I love the freedom and flexibility that comes with being self-employed.  I also recognize that productive self-employment requires stringently self-imposed structure.  It is not always easy being your own boss.  Hard as establishing structure for self-employment can be, it is even harder when when one bears the additional burdens of  another "day job" or a family to look after.

I used to cram my writing hours into what few hours of my day were not filled with my other jobs, the ones that actually demanded my presence at the convenience of others.  The result was that I was always exhausted and often found it hard to motivate myself to work at writing after a day of working for someone else was over.  When I forced myself to do it, I was always glad I had, but it was not easy.  I went through long sallow periods during which I wrote nothing at all.  I didn't beat myself up for it...well, not much anyway.  Sometimes other priorities, like paying the rent and raising children, take priority.  

Now, writing is my full-time job.  I am my own boss, which is both good and bad.  I am very lucky to have my home to myself (except for the cat, who is happy to sleep in a window while I write) on weekdays and to have a family that values what I do enough that they honor my needs for time and space if they are home when I am trying to work.  

Can you carve out time for writing and its associated tasks?
Will the folks who live with you support your work by 
allowing you uninterrupted writing time?  
When will you write?  

Hint:  At this point, when you are just establishing a work routine, consistency is far more important than quantity of time.  If you can only give it 30 minutes a day while the kids are napping or on your way home from the office, so be it.  30 minutes every day is more than 182 hours per year.  You could write a LOT in that amount of time.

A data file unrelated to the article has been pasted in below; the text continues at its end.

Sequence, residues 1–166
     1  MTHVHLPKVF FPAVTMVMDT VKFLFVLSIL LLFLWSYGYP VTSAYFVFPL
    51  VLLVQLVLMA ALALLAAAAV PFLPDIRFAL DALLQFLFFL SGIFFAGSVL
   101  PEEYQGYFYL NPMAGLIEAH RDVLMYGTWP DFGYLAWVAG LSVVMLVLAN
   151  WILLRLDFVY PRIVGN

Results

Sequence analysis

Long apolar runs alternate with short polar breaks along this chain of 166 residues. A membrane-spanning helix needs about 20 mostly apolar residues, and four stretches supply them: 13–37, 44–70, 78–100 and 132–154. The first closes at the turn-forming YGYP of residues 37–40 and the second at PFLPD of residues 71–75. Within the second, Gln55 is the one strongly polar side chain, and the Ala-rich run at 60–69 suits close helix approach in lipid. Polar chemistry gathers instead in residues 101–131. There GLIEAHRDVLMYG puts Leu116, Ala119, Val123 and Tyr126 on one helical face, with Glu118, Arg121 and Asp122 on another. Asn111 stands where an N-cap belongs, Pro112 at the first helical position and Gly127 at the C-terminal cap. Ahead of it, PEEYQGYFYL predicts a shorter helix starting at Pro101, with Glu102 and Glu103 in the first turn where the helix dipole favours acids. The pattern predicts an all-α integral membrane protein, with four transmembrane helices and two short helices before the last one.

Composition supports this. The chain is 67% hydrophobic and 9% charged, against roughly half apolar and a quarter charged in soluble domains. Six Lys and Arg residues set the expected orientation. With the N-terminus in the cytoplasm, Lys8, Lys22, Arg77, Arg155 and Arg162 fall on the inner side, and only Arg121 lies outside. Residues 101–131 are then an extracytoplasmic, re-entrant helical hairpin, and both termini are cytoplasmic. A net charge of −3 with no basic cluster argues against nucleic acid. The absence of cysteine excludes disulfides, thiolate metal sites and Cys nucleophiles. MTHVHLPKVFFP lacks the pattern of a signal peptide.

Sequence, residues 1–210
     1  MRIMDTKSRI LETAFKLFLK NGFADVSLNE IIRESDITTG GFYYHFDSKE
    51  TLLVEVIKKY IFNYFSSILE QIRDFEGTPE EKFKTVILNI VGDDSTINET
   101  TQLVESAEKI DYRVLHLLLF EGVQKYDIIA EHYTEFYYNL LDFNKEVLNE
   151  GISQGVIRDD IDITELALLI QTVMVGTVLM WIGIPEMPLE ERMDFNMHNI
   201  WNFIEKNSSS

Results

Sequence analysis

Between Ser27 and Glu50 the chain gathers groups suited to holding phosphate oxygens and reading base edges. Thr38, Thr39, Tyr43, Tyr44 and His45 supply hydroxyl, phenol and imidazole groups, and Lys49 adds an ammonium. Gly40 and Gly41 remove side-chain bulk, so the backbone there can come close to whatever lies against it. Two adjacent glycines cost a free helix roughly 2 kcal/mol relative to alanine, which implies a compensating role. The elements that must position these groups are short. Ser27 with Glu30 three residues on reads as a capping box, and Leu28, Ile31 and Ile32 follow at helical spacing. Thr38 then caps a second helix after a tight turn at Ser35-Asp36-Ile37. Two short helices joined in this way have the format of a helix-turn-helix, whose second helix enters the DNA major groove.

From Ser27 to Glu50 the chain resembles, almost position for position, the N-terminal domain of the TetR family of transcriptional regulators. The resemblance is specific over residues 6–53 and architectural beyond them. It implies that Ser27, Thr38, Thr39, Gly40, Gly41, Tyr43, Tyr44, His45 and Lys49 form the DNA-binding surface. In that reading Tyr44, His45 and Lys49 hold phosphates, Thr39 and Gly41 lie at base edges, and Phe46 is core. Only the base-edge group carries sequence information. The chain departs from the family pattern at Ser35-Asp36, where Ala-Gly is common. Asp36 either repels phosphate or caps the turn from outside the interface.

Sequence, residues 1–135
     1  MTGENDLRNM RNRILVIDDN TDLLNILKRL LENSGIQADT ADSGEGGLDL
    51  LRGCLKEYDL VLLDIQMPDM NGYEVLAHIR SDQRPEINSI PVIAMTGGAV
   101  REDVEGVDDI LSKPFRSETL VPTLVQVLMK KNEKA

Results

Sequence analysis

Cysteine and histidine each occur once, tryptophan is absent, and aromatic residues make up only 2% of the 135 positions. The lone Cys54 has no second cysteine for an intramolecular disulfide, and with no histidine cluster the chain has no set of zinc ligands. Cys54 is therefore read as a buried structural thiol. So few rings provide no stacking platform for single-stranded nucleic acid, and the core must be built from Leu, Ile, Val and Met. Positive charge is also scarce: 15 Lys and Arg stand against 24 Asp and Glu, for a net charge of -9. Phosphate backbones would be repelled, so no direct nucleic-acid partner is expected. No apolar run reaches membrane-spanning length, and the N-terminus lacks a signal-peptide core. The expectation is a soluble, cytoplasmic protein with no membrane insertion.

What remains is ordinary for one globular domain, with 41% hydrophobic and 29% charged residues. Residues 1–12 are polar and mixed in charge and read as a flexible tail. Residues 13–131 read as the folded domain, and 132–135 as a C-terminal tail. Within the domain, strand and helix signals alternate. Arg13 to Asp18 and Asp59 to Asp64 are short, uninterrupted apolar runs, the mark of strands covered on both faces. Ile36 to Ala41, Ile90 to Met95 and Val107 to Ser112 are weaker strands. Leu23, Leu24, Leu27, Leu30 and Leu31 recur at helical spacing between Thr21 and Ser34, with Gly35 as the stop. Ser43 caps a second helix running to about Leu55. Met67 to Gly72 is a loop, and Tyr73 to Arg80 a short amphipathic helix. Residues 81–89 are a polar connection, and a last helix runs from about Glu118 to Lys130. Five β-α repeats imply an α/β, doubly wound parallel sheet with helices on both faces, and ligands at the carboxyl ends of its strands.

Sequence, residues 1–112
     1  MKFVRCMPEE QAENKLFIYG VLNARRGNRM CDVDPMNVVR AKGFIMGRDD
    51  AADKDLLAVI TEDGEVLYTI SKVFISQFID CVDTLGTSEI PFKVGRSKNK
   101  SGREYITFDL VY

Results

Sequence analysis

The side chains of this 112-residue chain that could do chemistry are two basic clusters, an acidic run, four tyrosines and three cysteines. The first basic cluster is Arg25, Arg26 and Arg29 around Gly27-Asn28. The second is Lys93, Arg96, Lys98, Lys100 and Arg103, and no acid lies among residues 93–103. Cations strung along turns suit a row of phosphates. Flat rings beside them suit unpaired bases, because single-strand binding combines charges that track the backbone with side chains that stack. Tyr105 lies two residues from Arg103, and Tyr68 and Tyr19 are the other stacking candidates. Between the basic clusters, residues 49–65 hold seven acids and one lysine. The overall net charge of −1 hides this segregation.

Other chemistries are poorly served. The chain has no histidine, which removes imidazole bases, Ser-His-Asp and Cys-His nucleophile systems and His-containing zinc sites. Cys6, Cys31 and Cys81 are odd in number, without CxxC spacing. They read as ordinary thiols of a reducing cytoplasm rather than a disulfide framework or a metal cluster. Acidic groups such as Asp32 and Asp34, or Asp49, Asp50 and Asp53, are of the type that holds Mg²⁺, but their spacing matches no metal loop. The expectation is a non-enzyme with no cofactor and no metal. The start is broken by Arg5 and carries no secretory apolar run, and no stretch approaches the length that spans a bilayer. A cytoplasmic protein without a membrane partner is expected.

1. Decide where you will write daily.
  2. Decide when you will write daily.
  3. Write daily.  

Monday, July 28, 2014

A Poet's Diary: Retreat!

The time has come for me to schedule a short writer's retreat for this summer.  I know it is time because I am starting to have trouble focusing.  I know what I want to do.  I know what I need to do.  I am easily distracted.  Time for intentional retreat and refocus.

Later this summer, we have a brief vacation planned.  Now, I plan to extend that by taking a cheap room somewhere not too far from home and holing up to write and work on illustrations.  My plan for that time is to avoid social media contact.  No FB, G+ or Twitter.  No blogging.  No Virtual Worlds.  I will write and read, do yoga and swim.

Now to make room reservations.  

Friday, July 25, 2014

Countdown Love Poem

Countdown Love Poem
by Stephanie Mesler © 2014

I have  ten reasons for sticking around.
The first isn’t that I love you still,
even after forty years and
three daughters, four sons, several
pets come and gone, jobs lost,
loans paid off through sweat
and sacrifice.
I am not
in love

It’s not the money bound up together
in joint accounts and shared collections
of books and boats, crystal carafes
or even the time spent on
making a home to be
envied by neighbors